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Cooking like Nainai
2017-10-30, PAULINE D LOH

My husband’s palate was shaped by his maternal grandmother’s cooking. She was from Shaoxing, a famous city in East China’s Zhejiang province.

Because her husband’s career took him to Beijing and Tianjin, this petite woman with tiny bound feet spent three-fourths of her life in the unfamiliar north and assuaged her homesickness by cooking the food of home.

So it was that my spouse and his siblings spent their childhood eating dishes that their hutong friends had never even heard of.

Nainai was an excellent cook, with an eye for detail that made every dish from her kitchen memorable. Her first priority was always her husband, and the best morsels were reserved for him before the large extended family of children and grandchildren were fed.

Even in the difficult years of famine and hardship in the last years of the 1950s, she somehow managed to make even steamed Chinese cabbage interesting.

In better times, the family enjoyed her kitchen talents and a creativity that developed precisely because she was so far from home.

She made her own steamed breads and buns because rice was precious and wheat flour was cheaper and easily available. And when there were leftover mantou (steamed buns), she carefully saved them to make dajiang, the sweet paste that can be used as seasoning.

She also made meidouzi, a fermented soybean relish seasoned with ginger. It was salty and sweet and went down with rice very well.

Decades later, my husband and his sisters are still hunting for that elusive taste. There are a few dishes that they associate with Nainai.

The first is a pond crucian carp, or jiyu, that is braised in a sweet and sour sauce. This little fish is full of bones and normally difficult to eat. But Nainai worked her magic.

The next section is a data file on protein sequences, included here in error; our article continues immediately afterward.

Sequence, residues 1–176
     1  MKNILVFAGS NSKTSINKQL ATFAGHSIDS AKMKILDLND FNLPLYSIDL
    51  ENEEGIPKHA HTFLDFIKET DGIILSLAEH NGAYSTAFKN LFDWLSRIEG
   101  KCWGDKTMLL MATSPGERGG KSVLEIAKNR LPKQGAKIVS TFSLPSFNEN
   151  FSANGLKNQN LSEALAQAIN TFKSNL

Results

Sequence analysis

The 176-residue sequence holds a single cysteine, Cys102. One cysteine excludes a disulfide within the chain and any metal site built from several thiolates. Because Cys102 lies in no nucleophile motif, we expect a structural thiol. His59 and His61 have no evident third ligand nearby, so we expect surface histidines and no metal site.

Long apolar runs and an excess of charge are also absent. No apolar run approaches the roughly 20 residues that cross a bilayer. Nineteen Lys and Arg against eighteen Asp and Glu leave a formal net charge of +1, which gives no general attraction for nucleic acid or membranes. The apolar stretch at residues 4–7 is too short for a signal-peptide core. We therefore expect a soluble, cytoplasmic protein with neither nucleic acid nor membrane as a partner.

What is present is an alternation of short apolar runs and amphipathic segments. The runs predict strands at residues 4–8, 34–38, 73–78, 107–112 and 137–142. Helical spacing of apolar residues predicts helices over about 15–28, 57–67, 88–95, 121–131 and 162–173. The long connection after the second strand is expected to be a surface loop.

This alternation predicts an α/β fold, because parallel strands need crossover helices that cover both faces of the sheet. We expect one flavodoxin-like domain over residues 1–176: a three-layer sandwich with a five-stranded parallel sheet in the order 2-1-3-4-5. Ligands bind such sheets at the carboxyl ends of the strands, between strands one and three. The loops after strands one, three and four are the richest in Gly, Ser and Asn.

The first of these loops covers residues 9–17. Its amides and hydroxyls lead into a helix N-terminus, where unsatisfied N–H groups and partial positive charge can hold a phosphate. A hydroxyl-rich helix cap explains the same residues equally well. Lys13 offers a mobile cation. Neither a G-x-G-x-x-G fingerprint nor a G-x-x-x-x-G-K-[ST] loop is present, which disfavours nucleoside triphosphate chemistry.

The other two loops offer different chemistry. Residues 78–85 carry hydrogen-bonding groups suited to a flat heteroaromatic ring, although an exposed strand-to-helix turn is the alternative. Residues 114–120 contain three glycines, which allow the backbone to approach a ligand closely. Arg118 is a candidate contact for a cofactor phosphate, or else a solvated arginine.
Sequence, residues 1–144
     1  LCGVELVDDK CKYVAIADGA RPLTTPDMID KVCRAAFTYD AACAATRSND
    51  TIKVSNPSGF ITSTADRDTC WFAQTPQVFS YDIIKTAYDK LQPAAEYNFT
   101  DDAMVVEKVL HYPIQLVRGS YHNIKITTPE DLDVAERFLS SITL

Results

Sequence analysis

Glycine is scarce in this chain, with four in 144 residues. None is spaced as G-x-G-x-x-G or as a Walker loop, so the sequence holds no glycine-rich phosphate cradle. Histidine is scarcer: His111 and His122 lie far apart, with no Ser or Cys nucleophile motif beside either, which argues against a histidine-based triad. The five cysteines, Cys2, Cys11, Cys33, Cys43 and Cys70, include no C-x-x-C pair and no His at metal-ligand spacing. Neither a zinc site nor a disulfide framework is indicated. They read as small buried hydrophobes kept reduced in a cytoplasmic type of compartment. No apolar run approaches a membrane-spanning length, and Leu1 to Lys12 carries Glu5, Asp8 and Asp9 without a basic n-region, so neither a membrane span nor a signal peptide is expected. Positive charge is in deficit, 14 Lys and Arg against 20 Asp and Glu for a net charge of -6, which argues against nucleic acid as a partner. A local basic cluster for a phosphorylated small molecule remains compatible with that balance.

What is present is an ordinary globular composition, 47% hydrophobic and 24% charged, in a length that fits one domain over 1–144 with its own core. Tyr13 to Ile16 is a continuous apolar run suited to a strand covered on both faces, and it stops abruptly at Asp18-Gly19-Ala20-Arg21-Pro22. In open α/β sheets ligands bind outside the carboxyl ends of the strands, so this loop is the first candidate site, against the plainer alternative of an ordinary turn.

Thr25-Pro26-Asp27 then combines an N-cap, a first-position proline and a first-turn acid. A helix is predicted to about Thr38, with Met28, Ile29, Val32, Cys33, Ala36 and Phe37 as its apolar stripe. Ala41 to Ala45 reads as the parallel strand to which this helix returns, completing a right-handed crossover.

First, she seared whole sprigs of spring onions until they were fragrant. Then she layered the little carps on top, followed by more spring onions. The next to go in was a bowl of soy sauce, sugar and Zhejiang black vinegar flavored with a piece of cinnamon and a couple of star anise pods.

The spices would get rid of the earthiness of the freshwater fish.

Then the whole claypot was slowly simmered until the spring onions melted into the sauce and the fish bones became softened by the vinegar. It was a dish that tasted even better overnight.

Another specialty was her red-cooked pork, the ubiquitous hongshaorou. Nainai’s version gleamed with a delicious sheen and was scented with Shaoxing wine and a secret blend of spices.

My husband is not fond of aubergines, or eggplant, but he taught me a recipe that he said his grandmother made. This is a stuffed aubergine that is steamed.

The big round eggplant is cut like an accordion, but the slices are left connected. Minced pork, diced Jinhua ham and chopped pickled rutabaga are thoroughly mixed and stuffed between the aubergine slices. Chopped tomatoes are then spooned over it, and the whole platter is steamed until the aubergine is totally soft. Then the dish is finished with a scattering of fresh coriander leaves.

When you apply today’s food logic, this is a brilliant dish.

Aubergines need plenty of oil to make them palatable, but this dish uses a frugal combination of minced meat and ham to season and flavor the otherwise bland vegetable without additional oil. The addition of chopped tomatoes adds another layer of umami. The aubergine acts like a sponge that absorbs all the flavors in this healthy and delicious creation. 

Nainai also cured her own meats in memory of the sauce-scented pork hocks that her hometown was so famous for. My husband remembers squatting next to a frying pan over a charcoal fire, slowly roasting salt and Sichuan peppercorns. This was the pickling mix.

“Keep the fire low and keep stirring everything until you hear the peppercorns and salt pop,” Nainai told him.

And after he obediently completed his task, Nainai would allow the mixture to cool completely before rubbing it all over the boned pork hock.

The salted hock would be tied securely with thread and placed in an earthenware crock and allowed to dry out. After the water totally evaporated, it would be strung up in the cold northern winds to cure.

When the Spring Festival came around, slices of the salted pork would go into a delicious soup with bamboo shoots, fresh belly pork, knotted tofu skins and sweet cabbage.

Grandmother had a wide repertoire of recipes, many based on the familiar dishes she ate as a girl in her southern homeland. But living in Beijing, she adapted them using the more common ingredients in the north. And in so doing, she created a fusion of tastes that became unique to her family.


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